Workhorse Group Shares Are Overvalued, But Catalysts May Lift Its Stock Further

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Investors in electric vehicle (EV) company Workhorse Group (NASDAQ:WKHS) are having a great year. So far in 2020, the stock is up over 900%, shooting past $30 per share. But that metric tells only half the story. On March 17, the shares hit a 52-week low of $1.32. $1,000 invested in the firm then would now be worth over an eye-popping $22,000.

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In his Congressional Testimony on June 2019, George Crabtree, Director, Joint Center for Energy Storage Research, Argonne National Laboratory and University of Illinois at Chicago, said, “Electric vehicles are a step in the emerging transformation of transportation from exclusive reliance on personal car ownership to alternative modes of transportation, such as shared rides and mobility as a service.”

CNBC Host Jim Cramer notes that small retail investors are looking for firms, especially in the EV space, that may become the next Tesla (NASDAQ:TSLA). Therefore today, we’ll discuss catalysts as well as short-term headwinds that are likely to affect the price of Workhorse shares.

If you do not currently hold the stock, you may want to wait for a potential pullback toward the $20-level or below to build a position.

Long-Term Tailwinds Will Likely Power Many EV Stocks readers would be well aware of developments in the sector and the current hype around EV names. Mr. Crabtree further states, “Electric vehicles are poised to transform nearly every aspect of transportation, including fuel, carbon emissions, costs, repairs, and driving habits. The questions are not if, but how far, electrification will go.” Thus, the new decade will likely see a more significant shift to EVs.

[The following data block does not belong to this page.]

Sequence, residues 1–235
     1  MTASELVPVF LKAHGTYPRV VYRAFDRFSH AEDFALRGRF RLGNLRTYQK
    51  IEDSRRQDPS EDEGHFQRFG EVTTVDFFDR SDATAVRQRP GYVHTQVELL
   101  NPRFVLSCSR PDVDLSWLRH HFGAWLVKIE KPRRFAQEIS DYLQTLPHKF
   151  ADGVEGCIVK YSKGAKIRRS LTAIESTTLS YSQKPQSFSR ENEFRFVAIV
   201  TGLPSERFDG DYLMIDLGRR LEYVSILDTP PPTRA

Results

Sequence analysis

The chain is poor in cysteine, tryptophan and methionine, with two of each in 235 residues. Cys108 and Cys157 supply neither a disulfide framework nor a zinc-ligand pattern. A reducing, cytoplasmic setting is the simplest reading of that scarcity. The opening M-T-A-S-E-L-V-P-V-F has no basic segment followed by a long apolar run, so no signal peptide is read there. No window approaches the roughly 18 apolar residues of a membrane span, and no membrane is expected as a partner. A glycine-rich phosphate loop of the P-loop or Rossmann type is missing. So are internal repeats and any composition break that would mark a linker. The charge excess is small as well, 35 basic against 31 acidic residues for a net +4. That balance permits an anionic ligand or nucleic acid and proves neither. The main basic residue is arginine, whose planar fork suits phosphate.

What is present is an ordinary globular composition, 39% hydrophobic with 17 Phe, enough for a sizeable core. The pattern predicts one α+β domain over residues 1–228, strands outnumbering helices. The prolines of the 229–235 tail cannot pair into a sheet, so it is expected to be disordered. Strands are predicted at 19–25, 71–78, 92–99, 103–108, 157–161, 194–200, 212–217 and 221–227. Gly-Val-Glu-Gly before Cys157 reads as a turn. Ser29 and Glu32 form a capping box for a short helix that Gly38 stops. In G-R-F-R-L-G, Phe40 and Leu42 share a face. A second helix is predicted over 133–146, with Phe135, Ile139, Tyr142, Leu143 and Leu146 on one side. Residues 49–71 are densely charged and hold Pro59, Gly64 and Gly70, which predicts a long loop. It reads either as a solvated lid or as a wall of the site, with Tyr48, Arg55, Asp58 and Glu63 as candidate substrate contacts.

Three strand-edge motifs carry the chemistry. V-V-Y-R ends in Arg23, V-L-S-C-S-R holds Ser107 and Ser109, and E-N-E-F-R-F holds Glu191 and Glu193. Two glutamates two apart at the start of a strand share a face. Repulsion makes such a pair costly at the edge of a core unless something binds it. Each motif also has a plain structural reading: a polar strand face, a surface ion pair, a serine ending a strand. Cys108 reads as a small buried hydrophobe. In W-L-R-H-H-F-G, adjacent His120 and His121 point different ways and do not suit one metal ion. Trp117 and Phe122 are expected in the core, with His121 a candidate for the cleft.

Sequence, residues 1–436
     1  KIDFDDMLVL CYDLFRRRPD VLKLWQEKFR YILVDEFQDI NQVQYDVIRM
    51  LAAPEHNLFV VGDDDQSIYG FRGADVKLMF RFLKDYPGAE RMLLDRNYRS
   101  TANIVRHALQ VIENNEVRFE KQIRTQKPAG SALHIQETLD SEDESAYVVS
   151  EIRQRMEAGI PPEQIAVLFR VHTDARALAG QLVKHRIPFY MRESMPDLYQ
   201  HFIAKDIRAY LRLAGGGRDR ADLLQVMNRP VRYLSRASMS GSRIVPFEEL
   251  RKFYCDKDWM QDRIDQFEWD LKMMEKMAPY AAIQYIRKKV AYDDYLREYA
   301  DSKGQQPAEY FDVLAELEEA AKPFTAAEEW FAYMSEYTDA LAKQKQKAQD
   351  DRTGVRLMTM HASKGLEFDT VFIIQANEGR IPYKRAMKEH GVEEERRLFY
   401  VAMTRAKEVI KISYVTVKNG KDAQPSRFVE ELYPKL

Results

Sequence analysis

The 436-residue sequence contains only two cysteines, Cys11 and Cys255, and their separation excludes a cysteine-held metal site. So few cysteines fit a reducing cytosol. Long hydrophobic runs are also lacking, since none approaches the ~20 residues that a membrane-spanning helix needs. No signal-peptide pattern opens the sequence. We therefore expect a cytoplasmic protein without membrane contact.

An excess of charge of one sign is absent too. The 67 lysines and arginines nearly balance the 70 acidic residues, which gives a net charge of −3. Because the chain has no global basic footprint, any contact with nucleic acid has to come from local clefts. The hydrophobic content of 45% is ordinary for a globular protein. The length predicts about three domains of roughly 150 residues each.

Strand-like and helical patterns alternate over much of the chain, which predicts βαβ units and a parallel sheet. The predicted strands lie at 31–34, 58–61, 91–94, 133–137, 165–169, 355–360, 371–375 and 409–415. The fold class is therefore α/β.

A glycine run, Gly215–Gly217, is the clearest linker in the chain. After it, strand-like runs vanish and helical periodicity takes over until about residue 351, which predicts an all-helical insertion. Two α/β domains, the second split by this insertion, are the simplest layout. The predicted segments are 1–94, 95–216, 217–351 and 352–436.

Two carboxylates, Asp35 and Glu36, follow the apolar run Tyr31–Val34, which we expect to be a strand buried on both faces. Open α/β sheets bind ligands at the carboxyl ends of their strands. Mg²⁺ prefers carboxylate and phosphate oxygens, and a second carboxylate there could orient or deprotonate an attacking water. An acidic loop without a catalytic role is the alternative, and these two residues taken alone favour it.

Loveland, Ohio-based Workhorse Group manufactures electrically powered delivery and utility vehicles, serving specifically the “last-mile” delivery sector. Earlier in August, it announced financial results for the quarter ended June 30. Revenue was $92,000. For the quarter, operating expenses stood at $5.57 million. Net loss was $131 million, mostly due to increased interest expense, which stood high at $124.3 million.

These results alone would not suffice to push the stock up to its current levels. Investors have been buying the possibility of the award of a contract by the Postal Service that could be worth around $6 billion.

Louis Navellier has recently covered the potential effect of such a win. He concludes, “If Workhorse lands that USPS contract? Besides the huge revenue boost, couriers and other delivery businesses are going to take notice. This year’s WKHS stock gains could be just the start.”

August brought cheer to the shares for a reason other than its core operations. Workhorse Group has 10% ownership in the privately-held Lordstown Motors, another newcomer to the EV space, specializing in electric pickup trucks.

On Aug.3, publicly-listed special purpose acquisition company (SPAC) DiamondPeak (NASDAQ:DPHC) and Lordstown Motors announced a reverse-merger. As a result, Lordstown will soon become a public company.